Destroyer squadron

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A destroyer squadron is a naval squadron or flotilla usually consisting of destroyers rather than other types of vessel. In some navies other vessels, such as frigates, may be included. In English the word "squadron" tends to be used for larger and "flotilla" for smaller vessels; both may be used for destroyer units. Similar formations are used in non-English-speaking countries, e.g., the "escadrille"—which would translate directly as "squadron"—in France.

Royal Navy[edit]

The Royal Navy began to form units of destroyers after the introduction of 'torpedo boat destroyers' in the early 1900s. RN destroyer units, amongst others, are listed in the list of squadrons and flotillas of the Royal Navy, sections on squadrons and flotillas of destroyers, frigates, and escorts.

US Navy[edit]

The U.S. Navy acronym for a destroyer squadron is DESRON; it comprises three or more destroyers or frigates. It is not generally an operational unit, but is responsible for training, equipping and administering of its ships. A mixed unit including destroyers is the cruiser-destroyer group. The officer in command of DESRON SIX, for example, is designated Commander Destroyer Squadron Six, COMDESRON SIX for short.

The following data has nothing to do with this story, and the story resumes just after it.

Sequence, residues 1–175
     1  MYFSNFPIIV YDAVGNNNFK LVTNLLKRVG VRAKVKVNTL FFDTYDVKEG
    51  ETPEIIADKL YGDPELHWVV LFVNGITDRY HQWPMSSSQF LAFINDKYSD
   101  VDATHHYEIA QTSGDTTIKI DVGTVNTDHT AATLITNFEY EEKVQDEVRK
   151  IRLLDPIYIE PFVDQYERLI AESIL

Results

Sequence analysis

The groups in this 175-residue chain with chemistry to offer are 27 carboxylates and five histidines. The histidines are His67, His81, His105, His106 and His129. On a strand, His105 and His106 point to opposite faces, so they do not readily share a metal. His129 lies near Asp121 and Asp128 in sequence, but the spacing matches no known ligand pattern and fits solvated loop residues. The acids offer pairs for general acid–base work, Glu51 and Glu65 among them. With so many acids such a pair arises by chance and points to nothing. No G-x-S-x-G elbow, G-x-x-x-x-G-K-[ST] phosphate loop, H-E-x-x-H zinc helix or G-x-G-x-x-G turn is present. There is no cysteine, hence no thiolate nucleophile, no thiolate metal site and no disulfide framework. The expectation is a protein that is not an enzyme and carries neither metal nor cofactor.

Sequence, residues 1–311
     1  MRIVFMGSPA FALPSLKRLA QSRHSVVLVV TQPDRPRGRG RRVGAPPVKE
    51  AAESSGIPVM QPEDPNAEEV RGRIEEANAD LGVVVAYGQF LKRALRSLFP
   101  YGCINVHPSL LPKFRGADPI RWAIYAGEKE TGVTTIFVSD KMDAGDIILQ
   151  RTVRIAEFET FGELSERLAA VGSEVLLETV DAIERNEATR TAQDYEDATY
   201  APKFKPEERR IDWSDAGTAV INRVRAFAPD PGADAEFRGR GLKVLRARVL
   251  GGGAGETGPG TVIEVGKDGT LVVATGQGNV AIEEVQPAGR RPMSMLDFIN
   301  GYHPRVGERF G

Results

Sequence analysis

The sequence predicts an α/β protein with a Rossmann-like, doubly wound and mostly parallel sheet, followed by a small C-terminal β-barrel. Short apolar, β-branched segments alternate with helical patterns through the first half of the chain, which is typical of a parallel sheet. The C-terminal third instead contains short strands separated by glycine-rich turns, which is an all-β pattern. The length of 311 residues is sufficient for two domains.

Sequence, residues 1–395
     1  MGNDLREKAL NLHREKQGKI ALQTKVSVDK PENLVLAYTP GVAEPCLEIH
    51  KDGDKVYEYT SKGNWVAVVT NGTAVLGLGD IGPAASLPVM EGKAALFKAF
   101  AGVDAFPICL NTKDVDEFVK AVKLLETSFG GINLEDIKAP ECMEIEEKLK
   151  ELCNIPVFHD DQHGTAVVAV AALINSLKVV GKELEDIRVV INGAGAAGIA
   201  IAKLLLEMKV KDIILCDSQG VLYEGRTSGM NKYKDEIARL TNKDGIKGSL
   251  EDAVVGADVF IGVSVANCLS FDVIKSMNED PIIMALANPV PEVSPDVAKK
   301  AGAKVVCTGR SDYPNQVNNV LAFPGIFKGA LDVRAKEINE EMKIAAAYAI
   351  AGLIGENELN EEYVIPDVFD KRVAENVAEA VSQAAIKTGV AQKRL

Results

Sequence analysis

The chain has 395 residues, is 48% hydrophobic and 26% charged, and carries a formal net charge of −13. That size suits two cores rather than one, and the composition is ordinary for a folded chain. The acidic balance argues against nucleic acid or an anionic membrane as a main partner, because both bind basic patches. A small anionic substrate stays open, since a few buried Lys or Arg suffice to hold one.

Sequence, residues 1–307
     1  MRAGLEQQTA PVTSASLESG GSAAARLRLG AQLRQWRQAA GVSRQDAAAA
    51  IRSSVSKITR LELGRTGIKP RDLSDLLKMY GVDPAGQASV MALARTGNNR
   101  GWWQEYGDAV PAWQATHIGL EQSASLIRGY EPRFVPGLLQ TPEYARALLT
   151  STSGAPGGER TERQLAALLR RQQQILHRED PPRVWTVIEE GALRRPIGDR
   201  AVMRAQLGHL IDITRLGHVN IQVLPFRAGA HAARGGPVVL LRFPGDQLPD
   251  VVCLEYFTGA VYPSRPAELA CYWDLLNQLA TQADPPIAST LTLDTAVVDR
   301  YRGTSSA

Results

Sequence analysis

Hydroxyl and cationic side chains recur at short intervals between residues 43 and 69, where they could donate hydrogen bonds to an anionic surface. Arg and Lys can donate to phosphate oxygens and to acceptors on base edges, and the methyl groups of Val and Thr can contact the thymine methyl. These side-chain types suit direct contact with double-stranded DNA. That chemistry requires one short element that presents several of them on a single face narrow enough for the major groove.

As during World War II, a full-strength DesRon (as it was abbreviated at the time) comprised two Destroyer Divisions or DesDivs of four ships each, plus a squadron flagship; these were operational as well as administrative units.

In the late Fifties and through early 1962 a Squadron (Desron) comprised two four ship Divisions (Desdivs) with one ship designated the flagship. The flagship carried the Squadron Commodore as well as the ship's Captain. The Squadron normally operated as a unit within a Task Group or Fleet, its main duty being as anti-submarine screen for the aircraft carriers. Often, however, the divisions of the squadron were assigned to separate duties - and sometimes two ship elements might be sent on individual assignments. The flagship not only carried the Commodore, it also carried the Squadron doctor and chaplain.